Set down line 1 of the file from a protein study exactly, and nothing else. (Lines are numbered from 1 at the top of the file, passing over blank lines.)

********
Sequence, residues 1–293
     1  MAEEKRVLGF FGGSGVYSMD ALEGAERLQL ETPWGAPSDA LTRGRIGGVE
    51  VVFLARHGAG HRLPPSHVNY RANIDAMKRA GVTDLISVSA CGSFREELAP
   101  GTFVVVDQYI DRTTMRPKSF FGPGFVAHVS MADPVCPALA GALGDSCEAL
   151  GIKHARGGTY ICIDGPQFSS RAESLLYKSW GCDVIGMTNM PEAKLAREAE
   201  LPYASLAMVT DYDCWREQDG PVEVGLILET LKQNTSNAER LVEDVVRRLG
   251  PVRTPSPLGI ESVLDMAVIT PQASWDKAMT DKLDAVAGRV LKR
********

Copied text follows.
Sequence, residues 1–293